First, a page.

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42 Handpicked Marcel Proust Quotes On Habits, Love, Desire, Misery, Memory, and Little Joys

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In Search of Lost Time Quotes By Proust That I Found Too Hard to Ignore – Collected from Volume One

Previously, I published the ethereal lines from Proust’s Swann’s Way (In Search of Lost Time Vol 1) underlining his understanding of human composition and admirable usage of precise words. Now I bring you quotes by Proust collected from the length of the same volume Swann’s Way (Book 1 of the 6-Volume collection In Search of Lost Time). 

The below Marcel Proust quotes tell us our griefs aren’t unique, that we aren’t the only ones miserable and despondent in love, that our minds and memories play tricks on us all, and that habits anchor us to the known. These collected words also emphasize the everlasting joy that nature brings, prove we all lie to ourselves, highlight the illusion of power, and tenderly sympathize with us for bearing the mundaneness of acceptance. 

Hope you enjoy these words pulled from the depths of Proust’s consciousness.

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43 Observations on Human Beings From Proust (Swann’s Way: In Search of Lost Time Vol 1)

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Sharing Some of the Sunshine that Marcel Proust Spreads Through Swann’s Way, In Search of Lost Time Volume 1

I heard of the French author Marcel Proust for the first time in the compassionate visionary Alain De Botton’s book the School of Life: An Emotional Education. In the chapter The Importance of Sex, Botton talks about Marcel Proust’s lesbian sex scene from his book Swann’s Way. Proust’s Swann’s Way is the volume one of his influential seven-volume collection In Search of Lost Time.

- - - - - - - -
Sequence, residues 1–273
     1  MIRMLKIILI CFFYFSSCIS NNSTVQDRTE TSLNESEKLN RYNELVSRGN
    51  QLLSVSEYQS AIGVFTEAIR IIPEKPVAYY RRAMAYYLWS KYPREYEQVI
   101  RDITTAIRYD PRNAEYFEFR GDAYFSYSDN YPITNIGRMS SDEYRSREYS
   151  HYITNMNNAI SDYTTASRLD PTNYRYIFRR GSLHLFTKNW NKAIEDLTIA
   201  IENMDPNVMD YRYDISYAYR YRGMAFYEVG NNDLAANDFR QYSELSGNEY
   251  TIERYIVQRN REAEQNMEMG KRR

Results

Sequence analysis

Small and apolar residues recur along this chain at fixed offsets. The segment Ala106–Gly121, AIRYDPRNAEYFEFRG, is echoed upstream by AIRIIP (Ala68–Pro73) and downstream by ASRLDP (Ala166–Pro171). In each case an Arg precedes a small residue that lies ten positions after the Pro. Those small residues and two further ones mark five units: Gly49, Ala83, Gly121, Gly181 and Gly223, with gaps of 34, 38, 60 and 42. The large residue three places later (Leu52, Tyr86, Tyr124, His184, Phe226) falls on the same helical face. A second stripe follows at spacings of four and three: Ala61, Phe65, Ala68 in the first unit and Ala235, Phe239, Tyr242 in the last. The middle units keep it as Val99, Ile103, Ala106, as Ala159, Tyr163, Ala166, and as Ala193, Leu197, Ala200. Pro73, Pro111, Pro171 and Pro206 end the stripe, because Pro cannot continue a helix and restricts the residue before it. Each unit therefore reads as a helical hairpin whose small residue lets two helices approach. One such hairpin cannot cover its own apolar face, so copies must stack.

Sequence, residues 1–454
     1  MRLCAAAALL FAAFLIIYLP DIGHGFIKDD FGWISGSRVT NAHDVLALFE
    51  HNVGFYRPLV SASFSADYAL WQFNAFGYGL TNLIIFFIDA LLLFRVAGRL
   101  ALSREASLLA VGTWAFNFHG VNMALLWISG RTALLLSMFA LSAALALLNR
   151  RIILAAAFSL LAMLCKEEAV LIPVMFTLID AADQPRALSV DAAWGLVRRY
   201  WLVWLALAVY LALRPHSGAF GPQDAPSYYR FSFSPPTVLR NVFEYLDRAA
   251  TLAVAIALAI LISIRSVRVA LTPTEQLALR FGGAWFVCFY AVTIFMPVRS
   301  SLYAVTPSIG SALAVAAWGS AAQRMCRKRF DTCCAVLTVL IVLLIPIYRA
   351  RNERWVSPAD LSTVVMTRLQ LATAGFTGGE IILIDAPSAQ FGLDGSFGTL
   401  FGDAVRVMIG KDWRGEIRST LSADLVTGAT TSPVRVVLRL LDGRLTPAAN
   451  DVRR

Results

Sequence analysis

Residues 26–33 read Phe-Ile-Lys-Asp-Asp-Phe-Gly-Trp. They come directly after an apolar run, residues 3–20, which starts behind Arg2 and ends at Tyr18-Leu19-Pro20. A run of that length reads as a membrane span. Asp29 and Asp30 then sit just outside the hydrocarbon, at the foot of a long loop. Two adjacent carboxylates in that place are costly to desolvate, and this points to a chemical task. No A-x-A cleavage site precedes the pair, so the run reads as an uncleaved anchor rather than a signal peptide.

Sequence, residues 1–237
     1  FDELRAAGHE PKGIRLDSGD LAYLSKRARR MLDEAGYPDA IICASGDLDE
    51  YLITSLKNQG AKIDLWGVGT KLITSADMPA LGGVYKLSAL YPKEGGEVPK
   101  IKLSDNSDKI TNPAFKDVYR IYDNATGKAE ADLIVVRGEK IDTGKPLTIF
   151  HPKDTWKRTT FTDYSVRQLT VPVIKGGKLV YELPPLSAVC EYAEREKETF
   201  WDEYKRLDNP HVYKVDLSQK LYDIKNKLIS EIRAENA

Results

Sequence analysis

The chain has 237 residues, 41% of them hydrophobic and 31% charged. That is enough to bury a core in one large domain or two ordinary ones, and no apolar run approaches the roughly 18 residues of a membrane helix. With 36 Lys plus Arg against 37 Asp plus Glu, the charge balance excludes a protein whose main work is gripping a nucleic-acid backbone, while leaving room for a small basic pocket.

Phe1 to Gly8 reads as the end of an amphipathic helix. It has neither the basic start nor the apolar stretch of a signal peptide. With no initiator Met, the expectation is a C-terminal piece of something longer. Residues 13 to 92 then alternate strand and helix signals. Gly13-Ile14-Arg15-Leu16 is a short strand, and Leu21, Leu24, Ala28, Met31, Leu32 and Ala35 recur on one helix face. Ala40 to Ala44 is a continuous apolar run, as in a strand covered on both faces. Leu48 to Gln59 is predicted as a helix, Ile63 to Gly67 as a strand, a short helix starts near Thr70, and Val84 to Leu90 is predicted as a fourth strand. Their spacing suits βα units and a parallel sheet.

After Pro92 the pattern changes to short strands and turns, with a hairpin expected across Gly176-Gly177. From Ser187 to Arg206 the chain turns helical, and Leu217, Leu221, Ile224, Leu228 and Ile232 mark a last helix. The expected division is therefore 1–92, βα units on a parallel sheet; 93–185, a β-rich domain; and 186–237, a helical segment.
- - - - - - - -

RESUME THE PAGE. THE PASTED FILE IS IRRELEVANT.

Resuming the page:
In the scene, the lover Mademoiselle Vinteuil invokes her partner to spit on the photo of her deceased father. This heavily criticized section describes how Vinteuil is just trying on the freedom of sensual pleasures — which may make her appear wicked. The author Proust argues that despite what one might think, Vinteuil is essentially of a moral and sound character.

Proust writes, “Sadists of Mlle Vinteuil’s kind are beings who are so purely sentimental, so naturally virtuous that, for them, even sensual pleasure seems evil, seems the privilege of the wicked. And when they allow themselves to indulge in it for a moment, it’s the wicked whose skin they try, and try to get their accomplice, to enter into, so as to have had the momentary illusion of escaping their scrupulous and gentle soul in the inhuman world of pleasure.”

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Coronavirus is Not At Fault – You Are As Happy As You Want To Be

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Coronavirus has slowed everyone down. People are staying indoors. Schools and colleges are shut. Offices have been closed down, and employees have been asked to work from home.

Borders are getting closed. Travel is forbidden, somewhere by law and somewhere by conscience. Some are still traveling and facing the wrath from the strangers on the internet.

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Friedrich Nietzsche’s Path to Becoming Who We Are

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After an hour or two of the daily evening walk, I tell myself I should go home and read. But sometimes, I want to keep walking with my friend. I want to sleep at 4 am after Netflixing zombie movies back to back. I want to wake up late and then write and let the day design its schedule.

But during those zombie movies, I keep looking at the watch. The MacBook throws the low-battery warning, but I don’t plug in the charger as I want the computer to sleep its natural course. And then we can sleep too. But then we stay awake some more and talk about our lives.

As every hour passes by, I realize that my waking up time is getting shifted by one hour and that I had to sleep early and start the next day with a fresh run in the morning. But I continue the conversation as that was what I wanted to do at that moment.

And the next day, when I start writing at 11, I brood over the valuable time that I lost by getting up late.